And speaking of bureaucratic double-talk, I found out that "tuition waiver" doesn't actually mean "tuition waiver." You see, the college does this diabolical thing where they promise to pay for all of your tuition if you're a GA, and then sneak a bunch of it in under the name "tuition fees" and then you get a $700 bill out of nowhere because the Board of Trustees is a bunch of sociopaths.

Thursday, October 3, 2013


I've heard we're getting one to four inches. (Insert crude joke about sex here. Huh huh, I said "insert.")

Anyway, I'm ready for it. We've got plenty of apple cider, sufficient food, and I've got my old phone charged to take pictures tomorrow. So tomorrow I'll probably post up a bunch of those. Pictures right after snowfall look so great, before the snow's been disturbed. I've taken several sets, both here and in Portland.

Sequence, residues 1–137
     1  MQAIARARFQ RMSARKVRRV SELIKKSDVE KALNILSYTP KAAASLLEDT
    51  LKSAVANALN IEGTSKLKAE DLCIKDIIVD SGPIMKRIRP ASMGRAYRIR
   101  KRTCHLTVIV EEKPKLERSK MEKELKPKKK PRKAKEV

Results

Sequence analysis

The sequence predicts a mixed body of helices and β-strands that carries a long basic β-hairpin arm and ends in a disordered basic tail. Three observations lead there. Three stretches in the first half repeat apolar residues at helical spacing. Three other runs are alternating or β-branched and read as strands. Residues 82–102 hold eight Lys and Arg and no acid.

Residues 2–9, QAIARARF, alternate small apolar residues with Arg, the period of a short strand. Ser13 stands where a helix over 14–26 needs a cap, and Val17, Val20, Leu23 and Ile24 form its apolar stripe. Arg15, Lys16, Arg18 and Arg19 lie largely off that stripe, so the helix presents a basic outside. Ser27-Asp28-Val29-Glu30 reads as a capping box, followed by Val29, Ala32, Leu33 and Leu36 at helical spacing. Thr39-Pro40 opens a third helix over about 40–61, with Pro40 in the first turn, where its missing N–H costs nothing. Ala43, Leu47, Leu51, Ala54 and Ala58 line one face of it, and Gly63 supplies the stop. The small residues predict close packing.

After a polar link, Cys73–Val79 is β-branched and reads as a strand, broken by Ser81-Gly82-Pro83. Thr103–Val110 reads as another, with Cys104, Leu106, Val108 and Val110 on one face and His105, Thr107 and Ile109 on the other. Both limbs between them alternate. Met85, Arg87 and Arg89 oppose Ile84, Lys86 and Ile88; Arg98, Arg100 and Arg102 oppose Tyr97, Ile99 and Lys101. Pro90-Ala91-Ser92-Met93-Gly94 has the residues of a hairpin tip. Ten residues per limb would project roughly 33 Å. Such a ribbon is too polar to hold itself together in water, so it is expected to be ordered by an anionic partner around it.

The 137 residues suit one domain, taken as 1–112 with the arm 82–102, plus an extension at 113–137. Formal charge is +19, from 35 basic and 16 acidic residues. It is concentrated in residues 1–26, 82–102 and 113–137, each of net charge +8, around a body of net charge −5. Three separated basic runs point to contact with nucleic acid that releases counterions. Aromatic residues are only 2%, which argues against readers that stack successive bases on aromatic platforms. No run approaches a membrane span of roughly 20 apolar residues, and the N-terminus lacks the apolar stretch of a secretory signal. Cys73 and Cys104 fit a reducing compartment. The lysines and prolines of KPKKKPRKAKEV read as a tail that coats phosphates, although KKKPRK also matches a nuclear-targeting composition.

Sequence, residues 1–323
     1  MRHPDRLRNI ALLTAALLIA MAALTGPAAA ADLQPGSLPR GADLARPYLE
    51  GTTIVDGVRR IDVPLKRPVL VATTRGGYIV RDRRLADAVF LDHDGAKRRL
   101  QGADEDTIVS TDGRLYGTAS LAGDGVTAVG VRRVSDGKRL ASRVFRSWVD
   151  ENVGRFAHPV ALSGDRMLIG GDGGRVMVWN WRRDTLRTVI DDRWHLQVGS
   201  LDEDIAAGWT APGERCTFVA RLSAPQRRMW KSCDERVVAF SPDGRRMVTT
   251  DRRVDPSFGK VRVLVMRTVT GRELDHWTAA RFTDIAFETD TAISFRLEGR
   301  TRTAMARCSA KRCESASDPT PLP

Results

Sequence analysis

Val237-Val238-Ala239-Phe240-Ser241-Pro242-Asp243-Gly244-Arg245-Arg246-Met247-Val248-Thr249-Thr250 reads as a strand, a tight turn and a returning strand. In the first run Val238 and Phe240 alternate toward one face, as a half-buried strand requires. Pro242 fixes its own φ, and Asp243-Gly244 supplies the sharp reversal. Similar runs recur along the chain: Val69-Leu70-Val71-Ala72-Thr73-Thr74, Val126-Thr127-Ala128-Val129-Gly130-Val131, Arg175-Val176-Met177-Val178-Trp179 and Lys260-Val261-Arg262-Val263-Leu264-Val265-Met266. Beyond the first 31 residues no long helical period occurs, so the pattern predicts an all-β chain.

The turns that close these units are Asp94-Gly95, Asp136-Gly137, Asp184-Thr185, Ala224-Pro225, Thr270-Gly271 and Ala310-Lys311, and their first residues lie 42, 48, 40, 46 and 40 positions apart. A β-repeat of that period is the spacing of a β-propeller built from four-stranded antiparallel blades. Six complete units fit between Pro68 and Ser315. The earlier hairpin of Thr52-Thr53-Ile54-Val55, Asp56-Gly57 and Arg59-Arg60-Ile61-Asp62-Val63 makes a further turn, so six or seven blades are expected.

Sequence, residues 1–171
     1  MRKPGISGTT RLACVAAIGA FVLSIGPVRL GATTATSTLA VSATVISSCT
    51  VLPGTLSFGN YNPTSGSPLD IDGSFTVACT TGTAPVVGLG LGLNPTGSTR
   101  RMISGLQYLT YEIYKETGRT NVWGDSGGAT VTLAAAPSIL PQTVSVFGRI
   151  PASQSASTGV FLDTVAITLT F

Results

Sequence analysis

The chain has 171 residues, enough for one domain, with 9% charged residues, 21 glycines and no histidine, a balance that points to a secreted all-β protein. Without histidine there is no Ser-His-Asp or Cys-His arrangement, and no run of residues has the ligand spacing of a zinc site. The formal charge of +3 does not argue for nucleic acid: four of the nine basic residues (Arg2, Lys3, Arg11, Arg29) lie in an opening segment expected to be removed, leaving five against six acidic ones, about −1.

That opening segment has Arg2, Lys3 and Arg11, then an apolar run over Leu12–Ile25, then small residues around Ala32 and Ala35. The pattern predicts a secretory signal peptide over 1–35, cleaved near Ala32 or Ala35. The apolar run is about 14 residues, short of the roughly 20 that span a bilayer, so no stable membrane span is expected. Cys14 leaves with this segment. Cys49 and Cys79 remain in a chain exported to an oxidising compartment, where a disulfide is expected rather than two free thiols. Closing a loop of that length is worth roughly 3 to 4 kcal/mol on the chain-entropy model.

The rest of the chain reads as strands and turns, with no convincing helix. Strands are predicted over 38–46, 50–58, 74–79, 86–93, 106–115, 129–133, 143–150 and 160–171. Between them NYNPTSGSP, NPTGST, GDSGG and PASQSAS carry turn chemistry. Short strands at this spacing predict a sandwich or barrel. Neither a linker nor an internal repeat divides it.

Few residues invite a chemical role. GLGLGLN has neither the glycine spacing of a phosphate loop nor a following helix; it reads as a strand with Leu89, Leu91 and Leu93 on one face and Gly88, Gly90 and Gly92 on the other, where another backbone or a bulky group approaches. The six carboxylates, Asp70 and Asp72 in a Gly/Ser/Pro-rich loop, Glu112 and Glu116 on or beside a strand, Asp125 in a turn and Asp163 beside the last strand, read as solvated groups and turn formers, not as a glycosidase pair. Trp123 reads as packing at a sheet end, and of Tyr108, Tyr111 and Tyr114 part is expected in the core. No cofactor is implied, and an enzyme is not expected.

In other news, Richard flew out for Colorado yesterday. With him out, and Nate fucked off to Oregon, I believe that makes me the guy running the station for the time being. Weird.

More Minecraft tonight. I'm told there's no way to show off my creations directly; I'll have to take pictures or somehow upload video. I'll figure out how to do that. I've got this underground Babylon thing that's kinda awesome.

Wednesday, October 2, 2013


The Republican establishment is scrambling to figure out a way to both placate their right-wing base and to re-fund the government. Their latest idea is to cancel the healthcare coverage they and their staffers get and put them on Obamacare as well. This would be fairly pointless - their healthcare coverage is relatively equal to that under Obamacare as it is, and their overworked, underpaid staffers (seriously, it's true - staffing levels have precipitously declined over the decades, leading to shittier legislation) get really good healthcare in lieu of better pay. And whatever pay they do make, remember they have to spend it in the DC-Maryland-Northern Virginia megasuburb. Having lived there for three years, I can tell you it's incredicostly and they're already suffering enough.